Senate’s tax relief includes $200M for transportation, sales tax cut

MARSHALL – The Minnesota Senate is proposing a $200 million infusion into transportation spending in its tax relief measure, but District 16 Sen. Gary Dahms said that doesn’t even go far enough.

“There’s a couple hundred million dollars in there for roads and bridges across the state, but I wouldn’t mind seeing that increased to over $200 million,” said Dahms, R-Redwood Falls. “A lot of times in Minnesota we get such a small piece of that pie, yet our roads are very instrumental to move goods and products. We need to make sure we have good roads in rural Minnesota. This is just a start.”

The Senate’s $434 million plan is the companion to a bigger House version.

Dahms said the Senate’s plan, that could get a vote today, also goes a long way in getting money back to the taxpayers with a permanent half-percent cut to the state sales tax, from 6.875 to 6.375. The cut would cost about $362 million in its first year, or about one-fourth of the projected $1.2 billion surplus.

“We feel the surplus has come from an aggressive increase in the tax policy last session, and we need to look at getting this money back into the hands of taxpayers,” he said. “Everybody would participate in this no matter what their income is; they would receive that reduction every time they purchase something.”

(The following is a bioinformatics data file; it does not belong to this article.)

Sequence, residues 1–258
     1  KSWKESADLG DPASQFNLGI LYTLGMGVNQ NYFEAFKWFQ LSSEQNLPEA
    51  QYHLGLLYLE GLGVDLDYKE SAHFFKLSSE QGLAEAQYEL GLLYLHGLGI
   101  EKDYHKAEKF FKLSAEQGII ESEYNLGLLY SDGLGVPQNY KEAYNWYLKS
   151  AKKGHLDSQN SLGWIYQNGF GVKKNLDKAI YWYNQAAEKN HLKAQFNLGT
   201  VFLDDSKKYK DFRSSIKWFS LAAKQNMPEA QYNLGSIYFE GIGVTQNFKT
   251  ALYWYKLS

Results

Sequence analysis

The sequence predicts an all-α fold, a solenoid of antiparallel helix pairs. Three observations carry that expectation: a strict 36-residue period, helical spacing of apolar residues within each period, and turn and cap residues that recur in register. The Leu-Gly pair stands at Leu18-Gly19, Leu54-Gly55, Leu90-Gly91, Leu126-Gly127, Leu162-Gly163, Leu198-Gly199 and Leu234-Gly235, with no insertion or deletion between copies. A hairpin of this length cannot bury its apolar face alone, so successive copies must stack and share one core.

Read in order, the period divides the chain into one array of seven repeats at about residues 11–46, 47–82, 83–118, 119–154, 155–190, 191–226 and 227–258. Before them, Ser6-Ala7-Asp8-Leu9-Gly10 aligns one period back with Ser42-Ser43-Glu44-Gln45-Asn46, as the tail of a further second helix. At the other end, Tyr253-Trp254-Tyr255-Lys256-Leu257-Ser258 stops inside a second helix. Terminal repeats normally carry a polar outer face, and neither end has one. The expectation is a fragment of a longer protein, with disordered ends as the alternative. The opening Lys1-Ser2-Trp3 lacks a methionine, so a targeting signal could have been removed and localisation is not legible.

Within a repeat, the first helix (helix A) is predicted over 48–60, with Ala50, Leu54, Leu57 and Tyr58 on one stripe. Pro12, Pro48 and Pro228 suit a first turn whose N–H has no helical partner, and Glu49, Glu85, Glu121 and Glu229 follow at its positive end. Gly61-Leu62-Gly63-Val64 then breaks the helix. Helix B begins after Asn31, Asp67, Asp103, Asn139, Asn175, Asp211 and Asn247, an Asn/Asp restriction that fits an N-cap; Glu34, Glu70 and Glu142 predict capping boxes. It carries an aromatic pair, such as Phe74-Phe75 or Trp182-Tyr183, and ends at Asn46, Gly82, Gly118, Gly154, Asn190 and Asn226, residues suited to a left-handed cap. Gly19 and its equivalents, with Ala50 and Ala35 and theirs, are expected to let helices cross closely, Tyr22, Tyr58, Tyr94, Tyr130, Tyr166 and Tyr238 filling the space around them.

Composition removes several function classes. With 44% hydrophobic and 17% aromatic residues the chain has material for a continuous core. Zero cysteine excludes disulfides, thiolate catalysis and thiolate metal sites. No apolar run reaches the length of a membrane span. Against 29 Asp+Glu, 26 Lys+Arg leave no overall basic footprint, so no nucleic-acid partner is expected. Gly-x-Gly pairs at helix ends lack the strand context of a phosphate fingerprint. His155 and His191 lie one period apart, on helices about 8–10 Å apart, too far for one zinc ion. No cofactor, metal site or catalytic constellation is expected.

The large surplus would also allow for the repeal of business-to-businesses taxes, Dahms said. Senate Republicans also support providing full federal conformity on the income tax, repealing the gift tax and fully funding the 5% Campaign to give raises to those who work in long-term care.

Unlike the House version, the Senate proposal doesn’t give refunds to businesses for sales taxes they have already paid under the recent tax expansion.

There is a provision in the bill to add another $150 million to the state budget reserve, a position that isn’t part of the House tax plan.

If the Senate passes the bill today the House would face a decision about whether to agree to changes or send the bill to a conference committee for negotiations. Dayton administration officials want a deal done this week so they can promptly update filing systems and software in time for the post-April 1 filing crush.

“I think we’ll probably deal with everything tomorrow (Thursday) and still get it in under the guideline,” Dahms said.

For the 59 percent of taxpayers who have already submitted returns, Revenue Commissioner Myron Frans said those eligible for new credits would either be notified by the agency about submitting an amended return or automatically receive an updated refund. He said 300,000 to 500,000 filers could be eligible for one or more new deductions.

The Associated Press contributed to this report